What is eBird? “A real-time, online checklist program, eBird has revolutionized the way that the birding community reports and accesses information about birds. Launched in 2002 by the Cornell Lab of Ornithology and National Audubon Society, eBird provides rich data sources for basic information on bird abundance and distribution at a variety of spatial and temporal scales.”
Read more http://help.ebird.org/customer/en/porta ... -is-ebird-
This footage was published by veterinarian Madis Leivits. According to the YouTube info text, the eagle was found in January 2014 by hunters in a forest in Estonia. This bird exhibits symptoms of an acute lead poisoning, which was confirmed by a blood test (blood lead levels were higher than 65 micrograms/decilitre).
You want more background information on the effect of lead on humans and wildlife? I have compiled some material. See 16 February 2016 (EU: Failure to ban toxic ammunition putting bird lives at risk) viewtopic.php?f=46&t=236&p=439495#p439495
A great short film about this topic is “The Non-Lead Hunter” (Anthony Prieto). vimeo info text: “The film features Anthony on the hunt for wild pigs and speaking with a falconer and avian veterinarians who help us to understand the threat that fragments of lead ammunition pose to scavenger animals like the golden eagle. This is a story of how small changes can have big effects in preserving wildlife for future generations.” https://vimeo.com/37272263
Liz01 wrote:But it only works on Twitter and Facebook? Is it not a petition?
No, it works not only Facebook or Twitter - that´s just the simplest and quickest way. I probably should have mentioned the other option too. The details are explained on the website. In a nutshell:
The “EU’s European Chemicals Agency is currently considering a ban on the use of lead shot for hunting in wetlands. It is running an online public consultation on the issue until 21st December.”
Therefore BirdLife encourages nature lovers to participate in the European Chemicals Agency's public consultation. It's online and open to the public; the link is at the end of the website https://www.birdlife.org/banlead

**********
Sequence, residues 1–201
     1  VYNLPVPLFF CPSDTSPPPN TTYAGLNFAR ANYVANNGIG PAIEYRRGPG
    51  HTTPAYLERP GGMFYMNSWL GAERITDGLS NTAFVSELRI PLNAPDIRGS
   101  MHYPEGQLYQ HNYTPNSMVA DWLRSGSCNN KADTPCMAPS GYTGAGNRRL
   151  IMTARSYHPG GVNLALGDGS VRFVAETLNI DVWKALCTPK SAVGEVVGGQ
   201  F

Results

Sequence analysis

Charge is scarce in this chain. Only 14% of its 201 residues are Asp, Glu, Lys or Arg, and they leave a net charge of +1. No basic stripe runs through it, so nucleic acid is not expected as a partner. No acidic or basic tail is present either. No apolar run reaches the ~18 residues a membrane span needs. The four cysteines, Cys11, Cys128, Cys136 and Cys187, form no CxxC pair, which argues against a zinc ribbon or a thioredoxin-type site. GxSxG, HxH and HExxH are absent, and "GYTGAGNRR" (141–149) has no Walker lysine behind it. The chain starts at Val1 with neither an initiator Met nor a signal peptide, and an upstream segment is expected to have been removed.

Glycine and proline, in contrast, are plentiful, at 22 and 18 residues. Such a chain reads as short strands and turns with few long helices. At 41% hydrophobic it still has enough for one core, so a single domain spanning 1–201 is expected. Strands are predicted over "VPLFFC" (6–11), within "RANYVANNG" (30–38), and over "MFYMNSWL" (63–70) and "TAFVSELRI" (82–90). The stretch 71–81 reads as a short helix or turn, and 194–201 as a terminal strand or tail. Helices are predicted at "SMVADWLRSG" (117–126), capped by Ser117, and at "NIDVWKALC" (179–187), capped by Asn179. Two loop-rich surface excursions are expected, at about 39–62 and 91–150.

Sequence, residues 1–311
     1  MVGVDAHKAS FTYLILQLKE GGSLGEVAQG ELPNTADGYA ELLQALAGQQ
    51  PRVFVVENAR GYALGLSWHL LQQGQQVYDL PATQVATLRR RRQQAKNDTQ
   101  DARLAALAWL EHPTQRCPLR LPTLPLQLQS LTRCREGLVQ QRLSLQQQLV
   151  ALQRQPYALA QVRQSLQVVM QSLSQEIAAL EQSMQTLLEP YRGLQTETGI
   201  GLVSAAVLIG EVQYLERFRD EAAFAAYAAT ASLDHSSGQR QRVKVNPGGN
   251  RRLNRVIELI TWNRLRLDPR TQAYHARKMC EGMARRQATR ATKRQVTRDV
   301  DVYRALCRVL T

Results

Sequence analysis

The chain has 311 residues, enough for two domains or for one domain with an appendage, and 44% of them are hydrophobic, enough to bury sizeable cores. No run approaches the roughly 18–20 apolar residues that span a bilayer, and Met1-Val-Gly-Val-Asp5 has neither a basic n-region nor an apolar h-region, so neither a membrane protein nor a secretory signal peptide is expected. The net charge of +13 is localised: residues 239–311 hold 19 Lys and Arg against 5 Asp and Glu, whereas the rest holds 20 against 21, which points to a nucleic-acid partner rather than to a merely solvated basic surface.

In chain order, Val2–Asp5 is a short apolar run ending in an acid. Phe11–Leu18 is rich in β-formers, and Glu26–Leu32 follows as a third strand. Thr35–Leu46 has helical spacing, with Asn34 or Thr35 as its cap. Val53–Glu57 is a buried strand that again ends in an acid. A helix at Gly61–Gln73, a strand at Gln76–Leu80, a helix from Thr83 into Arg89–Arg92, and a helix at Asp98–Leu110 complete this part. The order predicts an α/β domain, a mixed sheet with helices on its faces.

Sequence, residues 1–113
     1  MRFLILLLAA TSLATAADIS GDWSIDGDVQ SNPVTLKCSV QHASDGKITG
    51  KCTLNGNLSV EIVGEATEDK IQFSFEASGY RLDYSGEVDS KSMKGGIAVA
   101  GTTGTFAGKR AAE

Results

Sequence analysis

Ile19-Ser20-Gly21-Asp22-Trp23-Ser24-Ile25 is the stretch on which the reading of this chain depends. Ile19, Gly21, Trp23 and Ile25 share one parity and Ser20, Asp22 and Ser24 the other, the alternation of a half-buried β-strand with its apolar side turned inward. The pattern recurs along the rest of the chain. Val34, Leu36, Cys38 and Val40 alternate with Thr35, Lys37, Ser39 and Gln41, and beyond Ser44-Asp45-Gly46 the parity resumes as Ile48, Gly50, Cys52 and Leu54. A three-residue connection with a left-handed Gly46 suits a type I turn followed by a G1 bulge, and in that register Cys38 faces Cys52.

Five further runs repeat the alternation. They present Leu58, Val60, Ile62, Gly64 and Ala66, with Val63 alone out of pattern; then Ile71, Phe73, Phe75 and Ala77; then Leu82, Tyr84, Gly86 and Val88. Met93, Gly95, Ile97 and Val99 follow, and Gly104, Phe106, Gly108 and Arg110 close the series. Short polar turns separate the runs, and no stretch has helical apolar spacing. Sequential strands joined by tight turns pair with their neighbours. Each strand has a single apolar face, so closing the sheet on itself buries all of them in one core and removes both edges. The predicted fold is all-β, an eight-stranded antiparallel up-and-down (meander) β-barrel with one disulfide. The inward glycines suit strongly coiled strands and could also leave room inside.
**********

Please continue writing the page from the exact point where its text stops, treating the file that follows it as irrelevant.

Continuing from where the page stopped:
“A frail Sea-Eagle was rescued in West-Iceland on Thursday by professional outdoorsman and Icelandic Snapchat star, Snorri Rafnsson. (…) Sea-Eagles are rare in Iceland and became almost extinct. The population has been well protected since the early 20th century, and is on the rise. The Sea-Eagle population consists of 75 adult pairs, a triple in population size since 1964. About 25-30 pairs are able to successfully raise offspring every year.”
Netherlands: Police eagles and rats fired from job
“The police stop the use of birds of prey to intercept unwanted drones. A year after the start of this project, it appears that this form of innovation does not have the desired result, partly because the technical development of drones is so fast. (…) In 2016, the police decided to deploy birds of prey operation against unwanted drones. The police bought sea eagle chicks to train and started training their own bird guides. (…) The self-training, keeping and deployment of the birds of prey turns out to be more complex and difficult to implement in practice than previously shown in the project. It also proved more costly. The operational demand for support is less than expected, with the underlying reason that the bird of prey could also be a safety risk because he might not be doing what he was trained for. In controlled training situations the birds of prey performed well, but what if it is 'real'?”
Since also some trained rats were not as effective as expected, both projects were stopped. According to the news release, “the birds of prey are accommodated in a suitable location where expert care is guaranteed. The rats have now found a good home.” 6 December 2017, Dutch Police/News https://www.politie.nl/nieuws/2017/dece ... atten.html
The Steadfast Tin Soldier. By Vilhelm Pedersen, public domain